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Eur J Clin Microbiol Infect Dis. 1996 Dec;15(12):913-21.

Risk factors leading to clinical failure in the treatment of intra-abdominal or skin/soft tissue infections.

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Division of Infectious Diseases, New England Medical Center, Boston, Massachusetts, USA.


A study of determinants of outcome in adult patients with intra-abdominal or skin/soft tissue infections treated with cefotetan, cefoxitin, or ampicillin/sulbactam monotherapy was undertaken. Patients were matched for principal infectious process, surgery performed for the management of the infection, year of hospital admission, age, and sex. The criteria for inclusion, exclusion, and matching of patients and assignment of clinical and microbiological outcome were based on the 1992 Infectious Diseases Society of America/Federal Drug Administration guidelines for the evaluation of anti-infective drug products. One hundred and thirty-seven cases of intra-abdominal or skin and soft tissue infections treated with cefotetan (n = 47), cefoxitin (n = 43), or ampicillin/sulbactam (n = 47) monotherapy were selected without knowledge of outcome and analyzed using a single blinded analysis. The baseline characteristics did not differ between the treatment groups, nor did the rates of clinical or microbiological failure. A multivariate analysis showed that isolation of an organism resistant to the treatment regimen, including Pseudomonas spp., [odds ratio (OR) = 14.9, p = 0.001], being on antibiotic therapy at the time of admission (OR = 4.5, p = 0.007), and diagnosis of a complicated intra-abdominal infection (OR = 3.5, p = 0.014) were independently associated with clinical failure. These data support the assertion that antibiotic resistant organisms in mixed anaerobic/aerobic infections are associated with clinical failure and suggest that the antibiotic regimen should be modified to include Pseudomonas spp. in its spectrum when this organism is isolated from patients with such infections.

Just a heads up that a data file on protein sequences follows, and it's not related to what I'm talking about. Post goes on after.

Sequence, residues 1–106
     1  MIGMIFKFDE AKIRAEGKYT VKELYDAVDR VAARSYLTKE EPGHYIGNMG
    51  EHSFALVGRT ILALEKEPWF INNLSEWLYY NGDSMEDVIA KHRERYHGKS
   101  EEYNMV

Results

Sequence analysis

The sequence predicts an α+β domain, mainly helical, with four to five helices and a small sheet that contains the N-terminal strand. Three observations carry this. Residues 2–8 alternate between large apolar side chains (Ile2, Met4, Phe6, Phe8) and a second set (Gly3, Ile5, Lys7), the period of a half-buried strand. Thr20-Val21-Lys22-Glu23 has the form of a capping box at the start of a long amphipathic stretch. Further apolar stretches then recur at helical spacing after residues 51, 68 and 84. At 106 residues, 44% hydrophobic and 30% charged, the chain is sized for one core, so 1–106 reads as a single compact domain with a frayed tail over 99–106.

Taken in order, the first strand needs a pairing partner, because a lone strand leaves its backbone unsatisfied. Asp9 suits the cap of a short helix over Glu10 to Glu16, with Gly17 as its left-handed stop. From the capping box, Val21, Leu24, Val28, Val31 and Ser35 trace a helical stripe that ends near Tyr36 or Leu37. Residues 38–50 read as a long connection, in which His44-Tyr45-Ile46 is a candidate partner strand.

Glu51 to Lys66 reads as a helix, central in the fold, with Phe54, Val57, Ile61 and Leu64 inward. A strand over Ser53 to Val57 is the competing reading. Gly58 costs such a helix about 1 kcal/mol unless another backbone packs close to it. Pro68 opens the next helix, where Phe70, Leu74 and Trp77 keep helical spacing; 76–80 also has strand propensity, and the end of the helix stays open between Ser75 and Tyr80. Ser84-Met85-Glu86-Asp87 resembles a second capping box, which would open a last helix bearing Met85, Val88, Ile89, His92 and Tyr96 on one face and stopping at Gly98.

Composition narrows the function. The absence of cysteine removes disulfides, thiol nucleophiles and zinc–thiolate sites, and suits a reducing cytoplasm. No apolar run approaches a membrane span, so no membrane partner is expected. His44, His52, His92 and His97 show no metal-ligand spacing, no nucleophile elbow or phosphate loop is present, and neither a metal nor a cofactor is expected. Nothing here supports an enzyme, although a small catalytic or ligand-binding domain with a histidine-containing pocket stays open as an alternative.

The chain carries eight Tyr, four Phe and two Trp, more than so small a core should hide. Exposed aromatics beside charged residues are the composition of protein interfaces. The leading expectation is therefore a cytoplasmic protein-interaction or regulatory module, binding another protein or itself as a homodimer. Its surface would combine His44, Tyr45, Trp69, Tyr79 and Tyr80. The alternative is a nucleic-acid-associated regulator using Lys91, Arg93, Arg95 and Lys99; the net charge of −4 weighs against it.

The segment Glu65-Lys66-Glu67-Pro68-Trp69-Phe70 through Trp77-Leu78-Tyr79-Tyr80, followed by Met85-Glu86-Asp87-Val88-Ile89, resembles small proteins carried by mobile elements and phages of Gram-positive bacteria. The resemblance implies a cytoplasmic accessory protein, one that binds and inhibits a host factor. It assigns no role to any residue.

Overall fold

[Indexed for MEDLINE]

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